No year in college football will be more memorable than the one we are experiencing now, as the impact of COVID-19 has forced most colleges to cancel the 2020 fall football season with the hope of trying to play in the spring.
We aren't here to give you our opinion on whether they should or should not have played in the fall, nor are we going to do that with their attempt to play in the spring. Instead, we want to shine a light on the players who deserve credit for the performances they have put forth over their college careers.
Without further ado, we present what would have been the 2020 PFF College Preseason All-SEC Team.
FIRST TEAM: JAMIE NEWMAN, GEORGIA
Newman made the most of his less-than-ideal situation at Wake Forest this past season, as he earned an 85.7 passing grade that ranked 15th in the FBS. He can pick apart defenses through the air and on the ground, but the former is what Wake didn’t take advantage of and what Georgia will. His receiving unit lacked any separators, forcing him to throw into a tight window at the highest rate in the country last year. Yet he managed to rank second in tight-window passing grade to only Joe Burrow. With a better scheme and supporting cast at Georgia, Newman is bound to take his already great play to new heights.
Second Team: Kellen Mond, Texas A&M
Third Team: K.J. Costello, Mississippi State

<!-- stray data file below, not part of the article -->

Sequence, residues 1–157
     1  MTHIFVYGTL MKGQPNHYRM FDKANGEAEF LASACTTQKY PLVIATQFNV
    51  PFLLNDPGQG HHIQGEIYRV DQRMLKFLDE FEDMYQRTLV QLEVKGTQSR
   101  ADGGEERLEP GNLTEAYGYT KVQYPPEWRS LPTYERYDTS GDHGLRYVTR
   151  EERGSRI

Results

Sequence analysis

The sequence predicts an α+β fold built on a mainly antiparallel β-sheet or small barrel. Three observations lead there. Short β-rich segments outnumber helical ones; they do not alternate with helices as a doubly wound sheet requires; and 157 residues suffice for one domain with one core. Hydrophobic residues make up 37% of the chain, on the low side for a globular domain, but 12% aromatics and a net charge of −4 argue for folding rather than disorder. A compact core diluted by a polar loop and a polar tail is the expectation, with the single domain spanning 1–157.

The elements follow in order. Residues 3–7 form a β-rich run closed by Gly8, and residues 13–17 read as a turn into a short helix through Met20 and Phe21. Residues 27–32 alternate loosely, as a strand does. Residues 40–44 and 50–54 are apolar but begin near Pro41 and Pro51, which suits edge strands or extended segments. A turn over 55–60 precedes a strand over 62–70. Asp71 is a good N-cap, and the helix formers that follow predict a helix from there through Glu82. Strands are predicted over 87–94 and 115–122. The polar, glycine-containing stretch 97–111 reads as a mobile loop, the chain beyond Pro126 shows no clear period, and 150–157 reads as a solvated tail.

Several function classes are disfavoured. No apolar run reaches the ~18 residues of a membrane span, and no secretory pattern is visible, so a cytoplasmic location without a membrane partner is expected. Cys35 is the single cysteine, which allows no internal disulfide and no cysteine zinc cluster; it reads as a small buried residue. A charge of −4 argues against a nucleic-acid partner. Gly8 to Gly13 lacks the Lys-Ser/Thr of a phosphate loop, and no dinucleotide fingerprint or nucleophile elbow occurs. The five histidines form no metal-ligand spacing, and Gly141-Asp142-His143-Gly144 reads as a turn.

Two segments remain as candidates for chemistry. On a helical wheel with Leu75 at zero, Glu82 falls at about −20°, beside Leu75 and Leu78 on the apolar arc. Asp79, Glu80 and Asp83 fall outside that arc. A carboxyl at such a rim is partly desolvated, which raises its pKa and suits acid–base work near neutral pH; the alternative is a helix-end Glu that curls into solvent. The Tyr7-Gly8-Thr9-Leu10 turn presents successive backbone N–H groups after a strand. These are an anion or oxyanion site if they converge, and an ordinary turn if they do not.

Honorable Mention: Mac Jones, Alabama
FIRST TEAM: NAJEE HARRIS, ALABAMA
Harris doesn't have elite speed, but that's not going to stop him from racking up explosive gains. Over the last two seasons, Harris has picked up a gain of 10-plus yards on 22.7% of his carries, the third-highest rate in the FBS and far and away the best rate in the SEC. It doesn't matter whether it's college or pro when it comes to running backs, we want to see them be a threat in the passing attack, and Harris certainly qualifies. He caught 27 of his 28 catchable targets for 304 yards and seven touchdowns (five of which came in the red zone) while breaking 11 tackles after the catch last season.
Second Team: Rakeem Boyd, Arkansas
Third Team: John Emery Jr., LSU
Honorable Mention: Jerrion Ealy, Ole Miss
FIRST TEAM: KYLIN HILL, MISSISSIPPI STATE
While he might not see a plethora of carries in Mike Leach’s Air Raid offense, Hill has been a top-tier ball carrier over the past two seasons and ranks among the 10 best in the FBS in PFF rushing grade over that period. What matters most in the Mississippi State new look offense is his receiving ability, and Hill has been reliable in that facet. Hill has seen only 56 targets in his three-year career, but he's averaged 10.7 yards after the catch per reception while breaking 16 tackles on his 44 catches.
Second Team: Zamir White, Georgia
Third Team: Ainias Smith, Texas A&M
Honorable Mention: Christopher Rodriguez Jr., Kentucky
FIRST TEAM: JA’MARR CHASE, LSU
Chase is one of the most physically imposing wide receivers you'll see and has a combination of elite body control, sure hands and reliable contested-catch ability that can't be touched. Chase earned an FBS-high 91.2 receiving grade and had six more catchable targets without a drop than any other Power 5 wide receiver when working against tight coverage last year (22)
Second Team: George Pickens, Georgia
Third Team: Seth Williams, Auburn
Honorable Mention: Trevon Grimes, Florida